Maryann and I were in Paris for ten days in 1994. She kept mispronouncing the Tuileries, which was near our hotel. I said nothing until about the fifth time and finally--arrogantly--corrected her. She was cool on the outside, but secretly biding her time. She was going to get me. And when she did, it was spectacular. Years before Sara Keene asked me to help her with her 10th wedding anniversary dinner. One of the dishes on the menu for this large party--at least 40 people were there--was choucrute garni, which she (being from Fort Worth, TX) pronounced 'shookraut', I had never heard of this dish of sauerkraut with sausages, smoked pork, bacon and potatoes. So back to Paris. Maryann and I went to a restaurant and there was Choucroute on the menu. I had to order it. I said, "I'll have the 'shookraut," I said to the waitress. "You mean shoocruute," she replied. Suddenly Maryann woke up and said "Aha! Gotcha!" Well touché! Okay sidebar over.

We ordered starters. Three of us grabbed the Grüner salad. While one of us ordered the beet-ricotta dumplings with poppy seeds and the final starter was a Frisee salad with artisanal ham, Gruyere cheese, toasted walnuts, chives and a creamy mustard vinaigrette. The Grüner salad was amazing "entree" sized mix of romaine, gruyere (though not listed on the menu), carrots, shaved fennel, pencil-thin slices of raw chiogga beets, celery, sunchokes (never saw them in the salad), chickweed, sunflower seeds and pretzel croutons. The salad could have easily been shared. As we enthusiastically consumed everything in those big bowls, I asked the waitress what vinegar was in the salad dressing. She startled me by saying "red wine." The hand that made this vinaigrette was extremely judicious. The salad was compulsively edible, and it was in no smart part due to the subtlety of this superb vinaigrette. The beet-ricotta dumplings were gossamer-light--really extraordinary.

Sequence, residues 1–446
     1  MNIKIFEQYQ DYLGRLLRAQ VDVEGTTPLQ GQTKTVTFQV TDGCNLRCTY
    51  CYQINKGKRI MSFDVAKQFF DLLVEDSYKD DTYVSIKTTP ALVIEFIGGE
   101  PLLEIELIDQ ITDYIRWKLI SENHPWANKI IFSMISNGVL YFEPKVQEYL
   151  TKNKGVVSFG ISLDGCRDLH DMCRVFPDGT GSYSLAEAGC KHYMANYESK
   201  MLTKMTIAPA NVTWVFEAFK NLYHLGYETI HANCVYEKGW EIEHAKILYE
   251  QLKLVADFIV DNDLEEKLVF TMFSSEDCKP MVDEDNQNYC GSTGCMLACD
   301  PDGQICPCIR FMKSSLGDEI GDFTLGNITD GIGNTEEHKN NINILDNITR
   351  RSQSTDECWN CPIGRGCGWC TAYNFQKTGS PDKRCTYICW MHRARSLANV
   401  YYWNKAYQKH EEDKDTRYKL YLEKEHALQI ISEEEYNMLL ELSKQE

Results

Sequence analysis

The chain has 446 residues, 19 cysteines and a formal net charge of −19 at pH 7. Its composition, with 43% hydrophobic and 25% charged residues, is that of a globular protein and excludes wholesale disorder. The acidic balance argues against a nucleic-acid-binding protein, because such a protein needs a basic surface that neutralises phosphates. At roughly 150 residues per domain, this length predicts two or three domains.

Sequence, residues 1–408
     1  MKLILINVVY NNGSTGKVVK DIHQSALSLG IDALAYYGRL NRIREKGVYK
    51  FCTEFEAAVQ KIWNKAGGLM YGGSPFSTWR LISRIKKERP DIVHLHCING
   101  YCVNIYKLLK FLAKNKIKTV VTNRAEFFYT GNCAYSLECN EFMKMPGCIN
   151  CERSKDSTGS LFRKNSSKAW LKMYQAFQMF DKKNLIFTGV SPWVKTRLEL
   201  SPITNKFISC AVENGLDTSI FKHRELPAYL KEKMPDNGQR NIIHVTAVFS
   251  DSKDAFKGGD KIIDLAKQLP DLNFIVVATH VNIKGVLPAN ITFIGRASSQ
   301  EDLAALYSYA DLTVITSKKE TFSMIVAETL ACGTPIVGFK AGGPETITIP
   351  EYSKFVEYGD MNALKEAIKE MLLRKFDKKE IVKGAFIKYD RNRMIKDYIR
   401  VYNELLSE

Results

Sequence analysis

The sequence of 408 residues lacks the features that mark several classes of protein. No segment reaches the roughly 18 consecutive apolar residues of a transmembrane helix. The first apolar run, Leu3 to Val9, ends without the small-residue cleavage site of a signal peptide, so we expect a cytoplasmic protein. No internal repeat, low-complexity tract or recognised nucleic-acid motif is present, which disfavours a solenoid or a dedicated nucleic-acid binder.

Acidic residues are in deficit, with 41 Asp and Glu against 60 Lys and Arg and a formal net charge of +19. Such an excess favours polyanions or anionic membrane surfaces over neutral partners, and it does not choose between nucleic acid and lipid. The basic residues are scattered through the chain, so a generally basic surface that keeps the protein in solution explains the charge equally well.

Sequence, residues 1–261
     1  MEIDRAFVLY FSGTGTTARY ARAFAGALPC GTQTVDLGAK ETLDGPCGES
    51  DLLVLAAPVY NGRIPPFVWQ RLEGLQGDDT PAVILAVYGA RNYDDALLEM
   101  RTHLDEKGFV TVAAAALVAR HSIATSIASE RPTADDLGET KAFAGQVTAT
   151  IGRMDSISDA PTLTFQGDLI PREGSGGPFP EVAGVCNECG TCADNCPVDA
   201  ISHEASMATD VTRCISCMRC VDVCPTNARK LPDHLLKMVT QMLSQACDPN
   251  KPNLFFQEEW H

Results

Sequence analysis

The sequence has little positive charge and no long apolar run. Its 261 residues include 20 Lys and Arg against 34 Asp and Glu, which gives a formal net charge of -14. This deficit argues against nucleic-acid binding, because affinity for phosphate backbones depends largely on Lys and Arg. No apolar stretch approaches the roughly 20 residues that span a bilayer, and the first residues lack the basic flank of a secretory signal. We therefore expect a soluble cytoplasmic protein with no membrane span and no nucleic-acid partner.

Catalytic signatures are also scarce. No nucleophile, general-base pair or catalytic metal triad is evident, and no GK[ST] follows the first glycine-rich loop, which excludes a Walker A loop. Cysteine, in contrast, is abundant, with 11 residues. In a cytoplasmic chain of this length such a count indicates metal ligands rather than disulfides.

The wine list is expensive and I struggled to find something that was affordable on then menu. I settled on a Riesling, which was the least expensive on the menu at $36. It turned out to be an inspired choice-dry, crisp, and slightly sweet but with a wonderfully arid finish and it perfectly complimented the "Alpine" food.

Which leads me to the "choucroute garni," which was a little bland. Not that all the elements weren't tasty--they were. But Choucroute is a homey, raw-boned amalgam of smoked, and cured meats, sharp sauerkraut and with juniper berries, gentled by boiled potatoes. This refined "restaurant" version's best element was the superb bratwurst. The house-cured pork tenderloin was a bit bland, though beautifully cooked with a rosy interior. The belly bacon added some smoke. The house-made bratwurst was superb. It was the sauerkraut that let me down a bit--it was rich, fatty, tender and bland. I didn't try the short ribs, which one friend ordered declaring it rich and satisfying and the dumplings that came with it looked the soul of comfort food. We finished the meal with an order of a fine poached pear in a soup of vanilla cream, and a sampler plate of delicious house-made cookies with coffee.

The service is excellent, and I especially liked our waitress's low-key, friendly and attentive manner. I'd like to try the rabbit or the duck the next time I'm there. My muted enthusiasm may be due to the fact Grüner's hybrid "Alpine" fare doesn't excite me in the same way Italian, French and Chinese cuisines do. It does demonstrate Portland's continuously warm embrace of many types of food.